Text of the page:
Question from Babs35: Hi, I lost my Dad in September. He was diagnosed February last year. The night he passed away my Mum was in shock so I tried my best to look after her. I didn't want to cry in front of her as I didn't want her to worry about me. I took a few days off work but went in for a couple of days before his funeral. I did a reading at his funeral and naturally I cried. But my grief keeps coming and going. I don't know if it was down to me bottling it up. I suffer from occasional nightmares and flash backs where I can see and hear everything in his final days. I worry if I was right to ask for him to be completely sedated as he started to haemorrhage . I know there's no set time for grief or answer to what is right for 1 person. I know life goes on but it feels surreal that he has gone. I try and stay strong as I have a 6 year old so force myself to get on with it but sometimes I feel like either hiding in bed all day or running away. I have asked for counselling (I wasn't allowed to be referred for bereavement counselling until 3 months after) I am still on a waiting list which is 22 weeks long. I can't afford to go privately, the hospice my Dad was in is too far away and by my Mum's. I also wouldn't want my mum knowing that I was having counselling. I hope this all makes sense? Thanks Babs35.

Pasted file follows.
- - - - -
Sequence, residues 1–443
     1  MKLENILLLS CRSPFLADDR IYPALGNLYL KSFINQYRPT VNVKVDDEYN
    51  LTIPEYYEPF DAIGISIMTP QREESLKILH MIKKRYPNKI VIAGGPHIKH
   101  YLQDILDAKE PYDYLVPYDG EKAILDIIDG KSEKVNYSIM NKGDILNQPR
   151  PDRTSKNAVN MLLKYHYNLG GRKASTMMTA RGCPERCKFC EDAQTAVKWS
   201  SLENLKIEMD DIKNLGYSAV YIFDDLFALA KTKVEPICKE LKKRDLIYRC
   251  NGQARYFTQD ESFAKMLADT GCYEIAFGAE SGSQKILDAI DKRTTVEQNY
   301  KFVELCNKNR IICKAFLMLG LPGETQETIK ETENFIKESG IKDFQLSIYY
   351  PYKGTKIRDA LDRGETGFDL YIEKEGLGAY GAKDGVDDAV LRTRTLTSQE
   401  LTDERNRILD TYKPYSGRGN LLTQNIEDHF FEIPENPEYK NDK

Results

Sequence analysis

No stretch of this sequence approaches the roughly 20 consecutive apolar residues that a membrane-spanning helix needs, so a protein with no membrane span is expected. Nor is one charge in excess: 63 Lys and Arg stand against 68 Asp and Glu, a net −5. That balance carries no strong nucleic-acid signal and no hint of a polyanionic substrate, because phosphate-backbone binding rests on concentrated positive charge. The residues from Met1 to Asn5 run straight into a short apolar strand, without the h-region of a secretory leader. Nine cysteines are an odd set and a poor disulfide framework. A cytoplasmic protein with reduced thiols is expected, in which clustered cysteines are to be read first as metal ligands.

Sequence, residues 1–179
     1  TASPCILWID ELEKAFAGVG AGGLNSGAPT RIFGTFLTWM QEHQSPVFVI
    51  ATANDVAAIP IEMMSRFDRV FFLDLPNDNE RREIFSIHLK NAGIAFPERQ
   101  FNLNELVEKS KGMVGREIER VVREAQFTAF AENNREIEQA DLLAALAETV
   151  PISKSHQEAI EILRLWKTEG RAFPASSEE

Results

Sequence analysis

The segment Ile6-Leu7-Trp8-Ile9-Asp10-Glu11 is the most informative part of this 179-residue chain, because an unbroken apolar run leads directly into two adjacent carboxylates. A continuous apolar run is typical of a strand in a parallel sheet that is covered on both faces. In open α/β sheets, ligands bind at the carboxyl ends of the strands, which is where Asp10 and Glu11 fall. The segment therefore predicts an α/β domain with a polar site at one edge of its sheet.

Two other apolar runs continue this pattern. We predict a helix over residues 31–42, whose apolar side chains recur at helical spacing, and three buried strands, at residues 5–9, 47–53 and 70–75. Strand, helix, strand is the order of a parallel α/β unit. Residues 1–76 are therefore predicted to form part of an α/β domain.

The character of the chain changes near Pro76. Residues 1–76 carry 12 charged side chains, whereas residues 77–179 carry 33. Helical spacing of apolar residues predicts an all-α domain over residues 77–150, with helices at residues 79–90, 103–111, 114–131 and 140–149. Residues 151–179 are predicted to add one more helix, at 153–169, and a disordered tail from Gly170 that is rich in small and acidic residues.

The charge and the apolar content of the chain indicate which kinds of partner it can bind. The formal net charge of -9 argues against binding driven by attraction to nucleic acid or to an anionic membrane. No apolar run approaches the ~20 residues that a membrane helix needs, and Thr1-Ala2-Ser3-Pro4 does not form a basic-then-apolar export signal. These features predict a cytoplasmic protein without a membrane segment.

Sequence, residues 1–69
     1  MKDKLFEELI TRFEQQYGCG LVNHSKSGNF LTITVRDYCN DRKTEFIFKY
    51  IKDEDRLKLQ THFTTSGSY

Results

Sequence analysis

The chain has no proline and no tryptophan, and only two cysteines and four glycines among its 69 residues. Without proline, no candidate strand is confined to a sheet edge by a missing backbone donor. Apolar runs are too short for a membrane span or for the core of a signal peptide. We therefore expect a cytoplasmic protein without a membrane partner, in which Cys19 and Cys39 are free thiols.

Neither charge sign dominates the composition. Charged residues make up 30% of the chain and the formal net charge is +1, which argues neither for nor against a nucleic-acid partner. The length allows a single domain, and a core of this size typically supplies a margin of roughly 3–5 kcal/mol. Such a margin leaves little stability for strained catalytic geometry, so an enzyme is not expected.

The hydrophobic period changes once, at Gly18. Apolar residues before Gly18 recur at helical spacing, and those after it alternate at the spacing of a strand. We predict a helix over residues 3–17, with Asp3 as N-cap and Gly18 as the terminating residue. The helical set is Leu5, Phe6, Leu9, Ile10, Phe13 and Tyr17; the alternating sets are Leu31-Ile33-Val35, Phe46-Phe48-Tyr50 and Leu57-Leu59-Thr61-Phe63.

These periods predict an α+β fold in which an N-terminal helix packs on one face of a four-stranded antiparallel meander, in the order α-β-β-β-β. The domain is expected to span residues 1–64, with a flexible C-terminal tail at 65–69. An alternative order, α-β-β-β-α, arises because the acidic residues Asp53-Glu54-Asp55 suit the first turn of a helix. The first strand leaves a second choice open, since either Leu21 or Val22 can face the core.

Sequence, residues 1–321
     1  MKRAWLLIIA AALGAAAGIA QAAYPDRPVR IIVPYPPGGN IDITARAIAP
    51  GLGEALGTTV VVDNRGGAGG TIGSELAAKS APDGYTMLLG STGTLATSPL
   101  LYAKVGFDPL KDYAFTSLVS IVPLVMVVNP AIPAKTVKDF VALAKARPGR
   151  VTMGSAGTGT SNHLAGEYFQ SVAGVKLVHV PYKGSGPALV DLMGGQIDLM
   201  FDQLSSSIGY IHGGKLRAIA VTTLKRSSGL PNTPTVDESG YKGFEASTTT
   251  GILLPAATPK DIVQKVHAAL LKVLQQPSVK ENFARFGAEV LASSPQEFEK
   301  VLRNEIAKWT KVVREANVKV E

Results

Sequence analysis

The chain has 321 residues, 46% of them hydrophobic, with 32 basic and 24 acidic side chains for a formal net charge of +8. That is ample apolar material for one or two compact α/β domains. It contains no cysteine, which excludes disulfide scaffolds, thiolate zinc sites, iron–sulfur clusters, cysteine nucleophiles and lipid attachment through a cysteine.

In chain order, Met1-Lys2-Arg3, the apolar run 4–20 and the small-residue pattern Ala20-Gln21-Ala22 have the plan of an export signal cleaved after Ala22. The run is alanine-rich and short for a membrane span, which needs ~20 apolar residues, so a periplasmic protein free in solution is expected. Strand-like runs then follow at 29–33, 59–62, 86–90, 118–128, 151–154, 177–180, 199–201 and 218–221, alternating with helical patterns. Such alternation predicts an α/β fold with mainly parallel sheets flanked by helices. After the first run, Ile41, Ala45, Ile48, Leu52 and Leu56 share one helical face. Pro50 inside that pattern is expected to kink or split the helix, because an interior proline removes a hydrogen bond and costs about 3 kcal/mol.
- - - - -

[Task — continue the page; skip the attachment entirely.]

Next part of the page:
I'm sorry to hear of the loss your dad & I can tell from reading your post how emotional the whole experience has been & still is for you. As you realise grief is individual, there is no time frame for how long you grieve or how you grieve. You describe initially how important it was [& still is] for you to hide your own emotions from mum- to protect her- which is very natural to do. It is normal to put on 'a mask' to the outside world function as if you are coping well - which enables you to function on a practical level i.e. look after your 6 year old; go to work etc..., but underneath 'the mask' hides your emotional vulnerability- which I am pleased to hear you will be in the future able to access counselling to talk through your emotions.
It is very normal to have flashbacks/nightmares, which can be very vivid when they occur & can appear out of the blue, and is your unconscious mind working to make sense of what happened. In time these will fade. You were witness to an awful experience of dad haemorrhaging. it is normal to relive experiences now, and question if the decisions you made were the right ones. In this situation- although you asked for dad to be sedated- the professionals would have done this, for dad's comfort, not just because you asked. Whilst your waiting to access counselling support, it might be helpful when these happen to write down in a journal what you experience & how they make you feel.
Grief is not static or linear, as you yourself are experiencing- it ebbs & flows. You can expect to have bad days when you want to hide in bed & not feel the emotional pain and not so bad days, in time the bad days will lesson. The struggle for you right now is learning to live this very different life without dad physically being here- he will always live on in your heart & your memory's of him.
Thank you for getting in touch at this very difficult time and I hope knowing that what you are feeling- as painful as it is, is normal and you are not going mad! helps.
Marie Curie Cancer Care